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IRV Day 3 - Merging the Past with the Future - Part 2

IRV Day 3 - Merging the Past with the Future - Part 2
IRV Day 3 - Merging the Past with the Future - Part 2
IRV Day 3 - Merging the Past with the Future - Part 2

The terminology “adaptive reuse,” set the stage for the next phase of the Inter-Regional Visit tour which picked up in the Strip District. The best way to experience this district in flux is by foot. The group set out on the streets led by Paul Umbach, Founder and Senior Principle, and his team from Tripp Umbach. Umbach had provided the group with a visual history of the evolution of the Strip District. Once teeming with trucking and steel mills, a hub for wholesale produce and access to factories, the district fell to near ruin with the steel bust. At one time there were only 72 residents left in this district.

“When the younger population left the city, it became imperative to create a new vibrancy. It started with this dilapidated, bedraggled district. We thought it could work because it is so close to the city and we could imagine the possibilities,” Umbach said. The Cork Factory, a warehouse constructed in 1901, is the starting point of the district. It once employed close to 1,300 people, but had only 300 remaining when it closed in 1974.  As Umbach explained, “A breakthrough came in 2005 when a development team bought the complex and converted the landmark into 297 loft apartments.” Umbach was one of the first to take up residence there. “This started it all, and became the impetus for all of the development.” The lot across the street from the thriving Cork Factory apartments includes a parking garage and over 45,000 square feet of retail shops.

The District is in progress, with construction, road closures, the sounds of cement mixers, but beyond the hard hats, there are luxury condos, mixed-use retail space. “The biggest change has been people living in the strip,” Umbach said. Similar to the Cork Factory, The Yards is a 300 unit apartment complex that merges the future with the industrial past at the former site of a Pitt Ohio Express truck yard, exemplifying adaptive reuse. Even with the new and even luxury housing, there remains a 20% affordable housing requirement. The Strip District took on three zoning initiatives, mixed-use, creating opportunities for developers, and stringent requirements for historic buildings.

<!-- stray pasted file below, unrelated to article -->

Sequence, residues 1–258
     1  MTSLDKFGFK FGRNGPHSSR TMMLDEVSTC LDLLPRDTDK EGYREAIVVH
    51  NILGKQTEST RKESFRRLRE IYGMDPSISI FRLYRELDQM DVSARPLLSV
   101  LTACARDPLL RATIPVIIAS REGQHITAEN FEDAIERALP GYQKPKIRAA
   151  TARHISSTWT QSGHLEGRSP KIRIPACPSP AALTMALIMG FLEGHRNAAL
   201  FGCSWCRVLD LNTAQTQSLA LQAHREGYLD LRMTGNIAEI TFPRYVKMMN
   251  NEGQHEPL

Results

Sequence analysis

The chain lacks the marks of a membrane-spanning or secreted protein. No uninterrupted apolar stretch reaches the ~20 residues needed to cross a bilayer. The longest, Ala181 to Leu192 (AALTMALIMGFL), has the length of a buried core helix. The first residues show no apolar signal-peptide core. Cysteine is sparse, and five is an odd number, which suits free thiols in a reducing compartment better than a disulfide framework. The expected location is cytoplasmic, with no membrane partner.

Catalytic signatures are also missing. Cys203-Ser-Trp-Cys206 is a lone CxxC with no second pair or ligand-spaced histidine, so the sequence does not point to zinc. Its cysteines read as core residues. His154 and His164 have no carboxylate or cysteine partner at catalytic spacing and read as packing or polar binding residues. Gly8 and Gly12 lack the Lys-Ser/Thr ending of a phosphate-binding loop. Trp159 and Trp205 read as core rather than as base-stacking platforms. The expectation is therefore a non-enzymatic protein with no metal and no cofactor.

Dotted along the district are diners, delis, donuts and many unique boutique shops and artisan studios. The main artery, Penn Ave. reflects the convergence of industry. That corridor has survived despite the hardships over the past decades and it is like stepping back in time. European style cafes, street grocers, fruit vendors and no fewer than eight local coffee roasters that have put any Starbucks that has ventured into the Strip District out of business. Only one national chain has survived in the Strip District, a McDonald’s which has been there since the 1970’s. “Pittsburgh citizens are fiercely loyal to their local businesses,” Umbach said and it shows in Penn Ave. where historic character meets the new “Silicon Strip” and adapts to tech, robotics, and green technologies.

There are extensive and well-developed bike trails that connect with the city’s well-established system of bike lanes. The city has worked to alleviate traffic by building other ways to get around. The Strip District is becoming more walkable as well.

The hope is for the leaders of Hampton Roads to take these ideas and help put them into action. “Ideas into Action” is the tagline for Tripp Umbach, but could very well be representative of the whole of Pittsburgh’s success.


Tripp Umbach has provided a link to their powerpoint presentation here.

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